Working paper

Basic Model Elasticities of the Macroeconomic Model for France of the Banque de France (FR-BDF)

Published on 21 January 2020
Authors : Pierre Aldama, Jean-François Ouvrard

Working Paper Series no. 750. This paper presents a set of Basic Model Elasticities (BMEs) of the Banque de France's new macroeconomic model for France, FR-BDF. A detailed description of the model is provided in Lemoine et al (2019) and this "BMEs workbook" is designed as a tool for practitioners of economic policy forecasting or analysis in France. It describes the model's response to a number of shocks grouped into three families: external shocks (oil prices, world demand, competitors’ prices), monetary and financial shocks (exchange rates, short-term interest rates, long-term interest rates, housing prices), public finance shocks (public consumption, public investment, social benefits, direct taxes, social contributions) and structural shocks (labor efficiency, labor force, equilibrium unemployment rate). These different BMEs also illustrate the convergence properties of the model, in particular the importance of monetary and financial channels and the link between the real and nominal spheres in the transmission and absorption of shocks.

This document presents a set of basic model elasticities (BMEs) of the Banque de France's new macroeconomic model for France (FR-BDF) in its version published in 2019. Readers interested in a detailed description of the model should refer to the specific working paper (Lemoine et alii 2019), while this set of BMEs is mainly intended as a stand-alone supplement for practitioners of forecasting or economic policy analysis on France.

It provides a summary description of the model's response to a number of shocks grouped into four families:

  1. External shocks (oil price, world demand, competitors' prices) ;
  2. Monetary and financial shocks (exchange rates, short interest rates, long interest rates, property prices) ;
  3. Public finance shocks (public consumption, public investment, social benefits, direct taxes, social contributions) ;
  4. Structural shocks (efficiency, structural unemployment and labour force).

The BMEs presented are constructed on the basis of "pure" shocks in the VAR expectations version of the model - the one used for forecasting. These BMEs are "analytical" in the sense that they give the model's reaction to a specific shock, but are not "realistic" in the sense that, in reality, the economy is affected by a combination of shocks and the various variables concerned interact with each other. For example, in order to describe the total effect of a monetary policy decision, at least a priori one would have to associate the BMEs of short rates, long rates and exchange rates. Moreover, all the BMEs assume that only France is affected by the shock, even when this assumption is inherently unlikely.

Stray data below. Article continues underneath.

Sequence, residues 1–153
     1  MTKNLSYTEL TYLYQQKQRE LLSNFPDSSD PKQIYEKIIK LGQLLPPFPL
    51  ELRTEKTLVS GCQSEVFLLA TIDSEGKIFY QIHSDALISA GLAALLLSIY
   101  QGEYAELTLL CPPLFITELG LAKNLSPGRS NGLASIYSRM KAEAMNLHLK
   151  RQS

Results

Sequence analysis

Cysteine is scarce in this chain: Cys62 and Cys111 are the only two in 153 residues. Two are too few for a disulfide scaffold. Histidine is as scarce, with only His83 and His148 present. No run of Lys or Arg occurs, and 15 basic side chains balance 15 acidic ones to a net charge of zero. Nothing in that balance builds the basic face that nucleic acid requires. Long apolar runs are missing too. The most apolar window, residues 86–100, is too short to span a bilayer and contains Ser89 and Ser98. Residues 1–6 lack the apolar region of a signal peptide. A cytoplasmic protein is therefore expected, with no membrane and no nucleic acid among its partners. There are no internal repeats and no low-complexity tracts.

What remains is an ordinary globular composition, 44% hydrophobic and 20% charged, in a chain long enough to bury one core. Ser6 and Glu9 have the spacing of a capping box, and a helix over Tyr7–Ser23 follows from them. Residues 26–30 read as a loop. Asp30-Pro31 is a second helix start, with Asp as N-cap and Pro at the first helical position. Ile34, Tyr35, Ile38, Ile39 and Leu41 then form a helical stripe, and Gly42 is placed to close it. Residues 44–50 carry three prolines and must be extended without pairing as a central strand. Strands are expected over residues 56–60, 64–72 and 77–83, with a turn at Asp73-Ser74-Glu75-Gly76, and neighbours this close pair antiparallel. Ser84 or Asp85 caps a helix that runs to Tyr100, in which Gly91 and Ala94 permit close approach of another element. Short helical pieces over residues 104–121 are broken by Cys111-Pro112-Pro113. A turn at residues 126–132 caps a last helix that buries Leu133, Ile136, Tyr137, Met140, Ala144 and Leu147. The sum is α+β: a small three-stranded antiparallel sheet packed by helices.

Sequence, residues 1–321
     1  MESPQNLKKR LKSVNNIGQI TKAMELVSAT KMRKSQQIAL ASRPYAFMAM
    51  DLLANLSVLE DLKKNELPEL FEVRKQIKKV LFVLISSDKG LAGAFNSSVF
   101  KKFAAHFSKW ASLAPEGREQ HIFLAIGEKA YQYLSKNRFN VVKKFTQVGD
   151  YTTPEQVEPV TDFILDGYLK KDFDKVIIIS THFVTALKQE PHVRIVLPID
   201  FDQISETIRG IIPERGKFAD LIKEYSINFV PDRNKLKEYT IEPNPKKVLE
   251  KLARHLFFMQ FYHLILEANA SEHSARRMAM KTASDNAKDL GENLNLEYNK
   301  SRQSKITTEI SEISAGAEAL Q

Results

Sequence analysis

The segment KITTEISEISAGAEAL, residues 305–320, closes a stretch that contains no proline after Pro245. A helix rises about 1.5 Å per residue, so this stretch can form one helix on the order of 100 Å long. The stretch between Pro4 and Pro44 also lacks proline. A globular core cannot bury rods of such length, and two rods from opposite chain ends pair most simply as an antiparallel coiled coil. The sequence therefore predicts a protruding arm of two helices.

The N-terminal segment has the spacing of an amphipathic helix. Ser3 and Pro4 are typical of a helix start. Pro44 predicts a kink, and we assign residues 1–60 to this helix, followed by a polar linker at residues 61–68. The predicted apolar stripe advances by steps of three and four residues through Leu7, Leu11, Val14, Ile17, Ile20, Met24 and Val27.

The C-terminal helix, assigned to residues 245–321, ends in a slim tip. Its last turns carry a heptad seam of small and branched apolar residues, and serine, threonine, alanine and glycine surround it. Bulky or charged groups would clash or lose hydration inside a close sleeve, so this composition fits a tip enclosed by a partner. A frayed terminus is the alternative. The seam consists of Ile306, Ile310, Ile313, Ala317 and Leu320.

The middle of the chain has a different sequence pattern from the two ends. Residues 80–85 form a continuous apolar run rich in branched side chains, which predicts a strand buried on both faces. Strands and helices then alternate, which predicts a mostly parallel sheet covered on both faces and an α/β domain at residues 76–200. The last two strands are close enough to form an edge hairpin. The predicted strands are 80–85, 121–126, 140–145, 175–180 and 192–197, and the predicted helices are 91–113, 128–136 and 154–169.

However, by combining several BMEs the practitioner can construct these realistic and coherent scenarios, and this booklet of BMEs thus provides the basic building blocks. Finally, it should be noted that the approach here is aggregated and that other tools should be used to examine specific sectoral effects or distributive effects within households.

Reading the different BMEs provides a better understanding of the mechanisms at the heart of the FR-BDF model. A few main ideas can be retained. Monetary and financial shocks spread visibly through the economy. When other interest rates and the exchange rate are assumed to be fixed ("pure" short-rate shock hypothesis), the short rate acts in the model via the channel of expectations, in particular via expected permanent income, unemployment expectations and inflation expectations. Exogenous demand shocks diffuse through the usual channels, notably employment and agents' income. They also affect prices fairly rapidly, which, under the assumption that monetary policy does not react, triggers the main mechanism for rebalancing the economy through price competitiveness. Expectations also play a role in demand shocks, with in particular effects on anticipated unemployment, which plays a role in wages, and on expected inflation, which in particular affects household and business investment via the real cost of capital. Finally, structural shocks highlight the importance of mechanisms for rebalancing supply and demand, particularly via the nominal sphere.

Image Real GDP and HICP responses to four main BMEs